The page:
At Delph Side, we truly believe that learning to read is the most important thing your child will learn at our school. Everything else depends on it, so we put as much energy as we possibly can into making sure that every single child learns to read as quickly as possible.

We want your child to love reading – and to want to read for themselves. This is why we put our efforts into making sure they develop a love of books as well as simply learning to read

Children in Nursery-Year 2 take part in daily Read, Write Inc. sessions. Children are grouped according to their reading ability. Teachers assess children daily during sessions and half-termly assessments are undertaken to ensure that all children are making progress and are in the correctly matched group. Children in KS2 who have missed or misunderstood crucial phonic teaching will also attend Read, Write Inc. sessions daily.

If at any time we notice that a child is struggling to keep up with their phonics group, we ensure that appropriate intervention is put into place. Trained reading teachers spend time every afternoon tutoring children ensuring that they catch up with their reading quickly.


How will my child be taught to read?

We start by teaching phonics to the children in the Reception class. This means that they learn how to ‘read’ the sounds in words and how those sounds can be written down. This is essential for reading, but it also helps children learn to spell well. We teach the children simple ways of remembering these sounds and letters. Ask them to show you what these are.

To find out more about Read Write Inc, check out the parent guides on

The children also practise reading (and spelling) what we call ‘tricky words’, such as ‘once,’ ‘have,’ ‘said’ and ‘where’.

The children practise their reading with books that match the phonics and the ‘tricky words’ they know. They start thinking that they can read and this does wonders for their confidence.

The teachers read to the children, too, so the children get to know all sorts of stories, poetry and information books. They learn many more words this way and it also helps their writing.

How will I know how well my child is doing?

We will always let you know how well your child is doing.

We use various ways to find out how the children are getting on in reading. We use the information to decide what reading group they should be in. Your child will work with children who are at the same reading level as him or her. Children will move to a different group if they are making faster progress than the others. Your child will have one-to-one support if we think he or she needs some extra help to keep up.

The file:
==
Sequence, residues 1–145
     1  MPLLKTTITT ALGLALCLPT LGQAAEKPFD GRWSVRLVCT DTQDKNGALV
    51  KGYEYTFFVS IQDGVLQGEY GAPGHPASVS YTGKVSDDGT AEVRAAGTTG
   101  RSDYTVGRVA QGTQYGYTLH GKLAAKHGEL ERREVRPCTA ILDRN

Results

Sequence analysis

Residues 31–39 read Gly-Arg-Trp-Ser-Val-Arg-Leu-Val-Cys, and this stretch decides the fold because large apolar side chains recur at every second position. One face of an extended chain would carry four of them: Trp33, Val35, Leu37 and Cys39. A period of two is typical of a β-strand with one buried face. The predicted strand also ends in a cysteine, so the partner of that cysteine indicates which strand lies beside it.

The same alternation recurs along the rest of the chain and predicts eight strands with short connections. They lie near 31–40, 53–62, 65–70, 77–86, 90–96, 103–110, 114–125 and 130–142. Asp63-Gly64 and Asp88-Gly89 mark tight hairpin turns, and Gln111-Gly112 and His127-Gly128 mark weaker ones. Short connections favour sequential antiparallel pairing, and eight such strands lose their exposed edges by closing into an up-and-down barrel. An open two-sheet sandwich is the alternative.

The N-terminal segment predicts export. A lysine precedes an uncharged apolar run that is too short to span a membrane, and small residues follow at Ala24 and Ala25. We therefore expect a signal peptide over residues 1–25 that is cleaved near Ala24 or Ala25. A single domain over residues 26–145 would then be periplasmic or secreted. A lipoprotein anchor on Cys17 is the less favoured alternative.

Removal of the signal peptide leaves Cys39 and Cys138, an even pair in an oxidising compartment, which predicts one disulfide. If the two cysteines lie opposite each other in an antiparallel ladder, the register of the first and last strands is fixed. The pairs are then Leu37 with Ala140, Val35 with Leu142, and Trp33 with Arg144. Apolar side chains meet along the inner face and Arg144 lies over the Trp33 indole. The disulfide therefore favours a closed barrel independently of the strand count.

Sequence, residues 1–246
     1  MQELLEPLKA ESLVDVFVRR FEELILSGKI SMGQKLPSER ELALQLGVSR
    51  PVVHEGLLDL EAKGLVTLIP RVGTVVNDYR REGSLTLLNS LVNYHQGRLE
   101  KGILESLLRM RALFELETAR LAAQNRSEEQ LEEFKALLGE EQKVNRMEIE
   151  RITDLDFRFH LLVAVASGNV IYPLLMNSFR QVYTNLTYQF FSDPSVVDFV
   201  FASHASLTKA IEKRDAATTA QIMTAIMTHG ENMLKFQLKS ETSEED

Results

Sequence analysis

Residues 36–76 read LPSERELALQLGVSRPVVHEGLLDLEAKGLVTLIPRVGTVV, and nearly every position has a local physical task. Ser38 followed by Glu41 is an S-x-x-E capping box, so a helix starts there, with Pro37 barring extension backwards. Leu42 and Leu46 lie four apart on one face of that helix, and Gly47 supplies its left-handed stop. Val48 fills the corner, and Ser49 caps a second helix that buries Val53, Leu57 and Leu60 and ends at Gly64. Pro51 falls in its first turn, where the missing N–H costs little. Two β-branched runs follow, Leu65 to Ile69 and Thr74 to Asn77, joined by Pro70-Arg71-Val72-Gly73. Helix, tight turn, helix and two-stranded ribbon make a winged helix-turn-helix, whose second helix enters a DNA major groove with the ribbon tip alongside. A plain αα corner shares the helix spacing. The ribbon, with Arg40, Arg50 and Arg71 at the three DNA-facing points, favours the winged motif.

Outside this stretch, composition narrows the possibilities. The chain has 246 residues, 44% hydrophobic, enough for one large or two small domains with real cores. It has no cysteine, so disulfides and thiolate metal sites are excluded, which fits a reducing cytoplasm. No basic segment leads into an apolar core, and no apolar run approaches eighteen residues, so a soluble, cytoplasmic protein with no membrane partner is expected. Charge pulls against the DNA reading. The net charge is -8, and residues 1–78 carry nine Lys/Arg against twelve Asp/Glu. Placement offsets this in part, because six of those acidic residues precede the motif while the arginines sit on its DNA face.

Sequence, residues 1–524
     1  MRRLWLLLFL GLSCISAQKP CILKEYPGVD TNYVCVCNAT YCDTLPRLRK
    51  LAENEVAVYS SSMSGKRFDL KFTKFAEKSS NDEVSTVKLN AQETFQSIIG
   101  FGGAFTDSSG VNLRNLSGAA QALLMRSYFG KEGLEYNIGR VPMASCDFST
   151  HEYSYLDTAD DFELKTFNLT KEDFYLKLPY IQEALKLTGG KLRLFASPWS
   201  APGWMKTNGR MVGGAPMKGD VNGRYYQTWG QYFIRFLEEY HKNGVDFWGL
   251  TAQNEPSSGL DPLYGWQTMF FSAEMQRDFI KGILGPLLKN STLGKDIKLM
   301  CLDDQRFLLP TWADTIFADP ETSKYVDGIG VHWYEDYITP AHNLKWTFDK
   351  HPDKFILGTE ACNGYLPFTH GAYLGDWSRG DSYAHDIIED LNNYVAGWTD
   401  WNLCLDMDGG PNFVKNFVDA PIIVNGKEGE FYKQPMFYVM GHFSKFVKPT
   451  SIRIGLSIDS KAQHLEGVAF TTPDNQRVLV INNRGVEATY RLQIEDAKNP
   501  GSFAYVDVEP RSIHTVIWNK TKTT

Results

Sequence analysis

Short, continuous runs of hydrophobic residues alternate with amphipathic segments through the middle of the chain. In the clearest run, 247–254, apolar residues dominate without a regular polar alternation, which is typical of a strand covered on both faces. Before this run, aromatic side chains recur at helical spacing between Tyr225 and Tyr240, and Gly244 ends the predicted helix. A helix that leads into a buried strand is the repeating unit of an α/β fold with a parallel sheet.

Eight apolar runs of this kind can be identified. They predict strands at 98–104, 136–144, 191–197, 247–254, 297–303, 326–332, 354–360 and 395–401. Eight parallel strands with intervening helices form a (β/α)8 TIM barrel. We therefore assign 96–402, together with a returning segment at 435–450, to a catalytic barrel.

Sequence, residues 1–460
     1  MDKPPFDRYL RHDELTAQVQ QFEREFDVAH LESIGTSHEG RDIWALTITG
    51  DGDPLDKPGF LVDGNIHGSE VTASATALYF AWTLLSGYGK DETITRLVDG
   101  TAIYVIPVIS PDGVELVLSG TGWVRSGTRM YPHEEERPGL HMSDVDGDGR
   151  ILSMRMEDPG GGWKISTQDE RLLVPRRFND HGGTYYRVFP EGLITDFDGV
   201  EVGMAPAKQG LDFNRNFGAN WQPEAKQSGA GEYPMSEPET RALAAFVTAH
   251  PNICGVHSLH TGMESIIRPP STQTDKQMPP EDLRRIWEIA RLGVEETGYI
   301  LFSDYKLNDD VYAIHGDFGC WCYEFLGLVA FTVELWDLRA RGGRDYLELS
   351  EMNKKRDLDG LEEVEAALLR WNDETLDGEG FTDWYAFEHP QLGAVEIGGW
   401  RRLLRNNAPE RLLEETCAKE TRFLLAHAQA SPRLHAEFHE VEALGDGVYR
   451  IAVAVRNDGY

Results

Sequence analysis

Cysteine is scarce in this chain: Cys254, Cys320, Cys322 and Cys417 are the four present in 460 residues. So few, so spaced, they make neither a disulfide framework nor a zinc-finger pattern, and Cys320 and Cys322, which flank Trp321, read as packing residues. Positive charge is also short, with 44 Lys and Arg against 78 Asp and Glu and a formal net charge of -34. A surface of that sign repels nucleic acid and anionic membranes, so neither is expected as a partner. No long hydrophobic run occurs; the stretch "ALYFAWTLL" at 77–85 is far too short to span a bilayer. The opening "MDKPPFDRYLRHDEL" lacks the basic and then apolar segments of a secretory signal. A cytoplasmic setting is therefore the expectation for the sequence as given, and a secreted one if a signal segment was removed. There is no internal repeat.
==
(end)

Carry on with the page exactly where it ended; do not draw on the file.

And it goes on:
We also use a reading test so that we can make sure that all our children are at the level that they should be for their age compared to all the children across the country.

In the summer term, the government asks us to do a phonics check of all the Year 1 children. That gives us extra information about their progress. We will talk to you about how well your child has done, and especially if we have any worries at all.

What can I do to help? Is there anything that I shouldn't do?


You will be invited to a meeting so that we can explain how we teach reading. Please come and support your child. We would very much like you to know how to help.


When reading your child’s school reading book with them, help your child to sound out the letters in words and then to ‘push’ the sounds together to make a whole word. Try not to refer to the letters by their names. Help your child to focus on the sounds. You can hear how to say the sounds correctly at this link:

We know parents and carers are very busy people. But if you can find time to read to your child as much as possible, it helps him or her to learn about books and stories. They also learn new words and what they mean. Show that you are interested in reading yourself and talk about reading as a family. You can find out about good stories to read to your child here:


Does it matter if my child misses a lesson or two?


It matters a lot if your child misses school. The way we teach children to read is very well organised, so even one missed lesson means that your child has not learnt something that they need to know to be a good reader.


Reading at Home


We want to encourage you to read with your child for at least 10 minutes every day. It really does make a difference to all their work in school.

Talk about illustration, book titles/authors, the type of book (e.g. fiction, non-fiction, plays, poems) – as these all build up valuable reading skills.

Remember to ask questions about the book you read with your child. It is all about reading and understanding the book.

All children have a log in to Bug Club where they can read ebooks matched to their reading level. 


Go to to log in.

Remember to write in your child’s reading diary. Due to the new guidelines for school reopening children will use a Reading Diary on Seesaw.

Read anything! Remember newspapers, comics, recipes, instructions, traffic signs, shop notices, shopping lists etc… all count as reading!

Sharing a bedtime story is a lovely end to the day – your child gets to hear an adult read to them. You can talk about the story, make a prediction about what might happen and look at the pictures. These are all important comprehension skills.



World Book Day 2020


This year we held a Harry Potter themed World Book Day. Children and staff dressed up as characters from the story and enjoyed a day of fun with activities related to the stories and lunch in the Great Hall in their Hogwart's house team.


Reading Week July 2020


During lockdown we held an online Reading Weekto celebrate and enjoy everything reading!!! Teachers recorded themselves reading stories and shared them on Seesaw and Facebook. Each day the children had different reading challenges, including reading in unusual places, recreating a book cover and making a den to read in.